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How to store downed trees so they last

Discussion in 'Firewood, Heating and Wood Burning Equipment' started by dman535, Feb 24, 2019.

  1. cantoo

    cantoo Addicted to ArboristSite

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    I have posted these pics before but they show how I store my logs. The 1 st pic is an empty log bay, it held approx. 160 logs that I just cut into 16" rounds and split the last couple of weeks. 2nd pic in the back corner you can see some poplar logs that I have sitting there waiting to replace the rotten ones and ones that sink into the ground. Also in that pic is about 300 pcs of 4x4' black plastic skid lids that I bought to lay down and pile split wood onto. That will be next years trial, if it doesn't work then I will cut them in half and burn them in my OWB. :)





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  2. Franny K

    Franny K xyz

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    If you can afford $300 or so for a roll of black edpm or rubber roofing 0.060 thick 10 by 50, make 20, 20, 10 pieces for the top of your piles of rounds until you can process further, which might be essentially until use.

    Snake business is unrealistic.. Preferable to rodent urne and excrement imo.
     
  3. ThatCrazyMtnGuy

    ThatCrazyMtnGuy New Member

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    It's important to remember that at temperatures above freezing, whole logs and even firewood length logs will start developing fungus within a few weeks. It's imperative to cut, split, and stack the logs ASAP after felling. Personally, I'm a fan of holzhausens (as stated before), but whatever your choice for stacking, don't leave them in logs! Once the fungus takes hold, the wood will never fully season.
     
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  4. ChoppyChoppy

    ChoppyChoppy Addicted to ArboristSite

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    It generally doesn't season well in logs anyhow, some species worse than others. I dunno about "a few weeks", I guess it depends on area. I had a pile of poplar logs we cut in 2013 I just finished going through. Pile had maybe 200-250 cords when it started out. The stuff on the ground was getting pretty bad, but most of it was fine still.

    I wouldn't even worry about leaving a pile for 2-3 years.
     
  5. jthornton

    jthornton ArboristSite Guru

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    I have a buddy that wants some shooing lanes cut in his woods. Most of the trees I'm cutting are 6" to 12" or so hickory. I can cut and split about 6 loads then my wood rack will be full. A few years back I built a shop and had to cut some large oak and hickory trees, so much that it had to be stacked up for a couple of years before I could cut and split it. It developed shelf mushrooms on some of the logs even though they were all off the ground but uncovered. So I'm thinking this time to stack them up so air can circulate a bit better and nail some tin on top to keep the leaves and snow off. Any thoughts on this?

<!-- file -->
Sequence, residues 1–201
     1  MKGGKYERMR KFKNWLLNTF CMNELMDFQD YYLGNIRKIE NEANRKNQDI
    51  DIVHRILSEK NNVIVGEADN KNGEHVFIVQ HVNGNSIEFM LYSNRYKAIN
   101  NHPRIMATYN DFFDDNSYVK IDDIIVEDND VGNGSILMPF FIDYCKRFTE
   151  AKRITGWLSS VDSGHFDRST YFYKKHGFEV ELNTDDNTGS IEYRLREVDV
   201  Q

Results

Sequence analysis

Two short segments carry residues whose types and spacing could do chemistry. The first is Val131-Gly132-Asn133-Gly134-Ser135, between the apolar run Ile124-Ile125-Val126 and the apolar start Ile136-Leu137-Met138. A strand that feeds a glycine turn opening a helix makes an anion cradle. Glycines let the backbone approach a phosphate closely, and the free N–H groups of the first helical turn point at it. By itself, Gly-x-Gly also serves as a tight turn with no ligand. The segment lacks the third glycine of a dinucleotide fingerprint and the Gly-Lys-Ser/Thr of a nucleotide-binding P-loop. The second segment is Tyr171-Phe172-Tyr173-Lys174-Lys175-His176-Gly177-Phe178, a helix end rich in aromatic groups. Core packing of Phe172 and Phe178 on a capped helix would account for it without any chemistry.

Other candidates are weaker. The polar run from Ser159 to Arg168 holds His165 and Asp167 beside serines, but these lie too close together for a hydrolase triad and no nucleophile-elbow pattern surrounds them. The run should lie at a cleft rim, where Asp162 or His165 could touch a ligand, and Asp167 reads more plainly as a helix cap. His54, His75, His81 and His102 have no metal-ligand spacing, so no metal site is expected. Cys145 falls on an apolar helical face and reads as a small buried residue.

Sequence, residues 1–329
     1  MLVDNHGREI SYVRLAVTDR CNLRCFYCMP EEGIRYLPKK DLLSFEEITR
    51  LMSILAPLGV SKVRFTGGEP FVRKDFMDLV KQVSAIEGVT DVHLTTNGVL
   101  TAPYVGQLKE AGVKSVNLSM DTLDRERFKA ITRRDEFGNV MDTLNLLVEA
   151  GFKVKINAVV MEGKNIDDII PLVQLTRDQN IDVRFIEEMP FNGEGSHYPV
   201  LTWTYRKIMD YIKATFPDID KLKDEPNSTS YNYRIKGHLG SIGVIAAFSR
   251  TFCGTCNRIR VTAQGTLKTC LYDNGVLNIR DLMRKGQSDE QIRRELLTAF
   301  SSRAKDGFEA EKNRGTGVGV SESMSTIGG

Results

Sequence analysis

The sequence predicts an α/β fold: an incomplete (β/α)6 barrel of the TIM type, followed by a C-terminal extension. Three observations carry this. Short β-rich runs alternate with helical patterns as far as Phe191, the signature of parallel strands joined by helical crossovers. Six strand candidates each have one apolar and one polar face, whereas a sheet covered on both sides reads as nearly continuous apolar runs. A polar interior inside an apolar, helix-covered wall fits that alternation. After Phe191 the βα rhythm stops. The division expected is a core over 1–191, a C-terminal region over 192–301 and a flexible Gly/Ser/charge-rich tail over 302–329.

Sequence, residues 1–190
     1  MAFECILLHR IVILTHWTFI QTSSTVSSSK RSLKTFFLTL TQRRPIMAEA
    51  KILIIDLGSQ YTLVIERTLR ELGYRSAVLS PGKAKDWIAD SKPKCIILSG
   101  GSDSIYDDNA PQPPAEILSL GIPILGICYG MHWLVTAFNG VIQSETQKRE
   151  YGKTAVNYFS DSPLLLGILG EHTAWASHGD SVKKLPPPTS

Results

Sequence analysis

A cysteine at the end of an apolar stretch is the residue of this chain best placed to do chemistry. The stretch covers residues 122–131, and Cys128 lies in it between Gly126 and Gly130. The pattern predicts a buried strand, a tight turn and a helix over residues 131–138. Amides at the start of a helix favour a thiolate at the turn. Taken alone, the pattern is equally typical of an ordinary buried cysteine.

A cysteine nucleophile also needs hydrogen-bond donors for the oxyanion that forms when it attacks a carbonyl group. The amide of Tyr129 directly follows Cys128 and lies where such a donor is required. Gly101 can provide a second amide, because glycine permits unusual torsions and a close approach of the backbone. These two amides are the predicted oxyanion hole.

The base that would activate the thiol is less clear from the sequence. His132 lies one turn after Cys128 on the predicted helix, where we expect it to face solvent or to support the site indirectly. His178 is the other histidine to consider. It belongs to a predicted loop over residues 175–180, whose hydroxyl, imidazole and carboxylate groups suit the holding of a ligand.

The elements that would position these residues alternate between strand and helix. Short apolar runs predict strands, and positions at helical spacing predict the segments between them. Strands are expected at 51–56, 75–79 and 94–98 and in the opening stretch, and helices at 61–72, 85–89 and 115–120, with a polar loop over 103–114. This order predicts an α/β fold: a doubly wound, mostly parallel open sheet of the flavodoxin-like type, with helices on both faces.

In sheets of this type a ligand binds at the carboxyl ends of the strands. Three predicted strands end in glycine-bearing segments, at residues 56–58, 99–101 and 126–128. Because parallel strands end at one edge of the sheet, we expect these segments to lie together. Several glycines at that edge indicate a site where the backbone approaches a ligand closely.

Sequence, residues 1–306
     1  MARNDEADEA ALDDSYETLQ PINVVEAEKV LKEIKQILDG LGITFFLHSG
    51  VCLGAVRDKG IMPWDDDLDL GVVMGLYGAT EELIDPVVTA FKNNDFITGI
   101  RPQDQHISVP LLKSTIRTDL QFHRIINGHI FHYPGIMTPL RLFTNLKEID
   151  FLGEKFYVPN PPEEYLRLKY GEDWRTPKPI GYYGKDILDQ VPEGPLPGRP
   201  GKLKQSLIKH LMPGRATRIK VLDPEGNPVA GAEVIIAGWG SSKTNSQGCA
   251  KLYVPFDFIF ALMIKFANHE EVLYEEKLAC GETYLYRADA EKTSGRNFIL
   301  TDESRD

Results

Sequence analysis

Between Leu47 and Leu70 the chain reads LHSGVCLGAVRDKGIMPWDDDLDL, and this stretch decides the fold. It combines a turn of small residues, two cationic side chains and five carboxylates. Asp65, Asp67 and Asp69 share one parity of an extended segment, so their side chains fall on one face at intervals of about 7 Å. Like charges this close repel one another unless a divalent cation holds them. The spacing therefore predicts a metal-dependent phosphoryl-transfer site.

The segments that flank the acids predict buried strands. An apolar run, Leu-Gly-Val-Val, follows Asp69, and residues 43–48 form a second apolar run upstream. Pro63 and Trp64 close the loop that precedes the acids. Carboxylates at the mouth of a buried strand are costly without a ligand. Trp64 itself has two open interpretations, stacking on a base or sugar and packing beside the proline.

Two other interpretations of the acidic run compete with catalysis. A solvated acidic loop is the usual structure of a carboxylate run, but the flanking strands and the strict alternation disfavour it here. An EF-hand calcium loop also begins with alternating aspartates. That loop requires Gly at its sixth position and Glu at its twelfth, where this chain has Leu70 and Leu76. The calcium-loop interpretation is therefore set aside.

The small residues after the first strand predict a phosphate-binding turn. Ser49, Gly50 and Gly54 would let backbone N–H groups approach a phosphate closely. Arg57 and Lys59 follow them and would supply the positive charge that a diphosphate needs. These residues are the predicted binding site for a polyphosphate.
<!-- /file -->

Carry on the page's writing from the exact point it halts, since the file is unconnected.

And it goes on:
JT
     
  6. Gugi47

    Gugi47 ArboristSite Hit Man

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  7. Gugi47

    Gugi47 ArboristSite Hit Man

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  8. U&A

    U&A Addicted to ArboristSite

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    Good info but no way in hell am i stacking a nice pile (and those piles are stacked very nicely) and then moving it just to re stack it again.

    to much handling IMO.




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  9. Gugi47

    Gugi47 ArboristSite Hit Man

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    A good job always take time.
    Bad job , take twice us much time....because you have to redo it or lose it...
     
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  10. sb47

    sb47 Addicted to ArboristSite

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    Down here leaving the bark on is the biggest problem with how long the wood last. If you can store them whole in a dry barn or cover, the bark is not as big a deal. But if your gonna store them outside, the bark is your worst enemy. It traps moisture and attracts bugs and fungus that like moist conditions. If I can get them split and have to let them sit, I at least try to split them in half or quarter them up till I'm ready to split to size.
    Now that's down here in the south where it almost never freezes. My guess is once it freezes, all or most insect and fungus go dormant till temps worm up.
    Ever wounder why log cabin builders de bark the logs?
    I would also not make my piles to big and spread my stacks far enough apart to let the sun and wind work for you, help keeping things as dry as possible.
    The number one thing is keep your stacks out in the open and not under shade trees. Store them in full sunlight, and keep the weeds cut around the piles so the wind can do it's magic.
     
  11. jthornton

    jthornton ArboristSite Guru

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    Yea my last pile of logs got covered in leaves in the fall so that didn't help much. I'll have to see how many extra logs I have when it's all said and done. I counted 32 trees marked for me to cut this morning, I'm thinking about 18 or so will fill up my wood bins so I may just be building a wood dome with the rest. Would you put landscaping fabric down before stacking to keep weeds and grass from growing up inside the dome?

    JT
     

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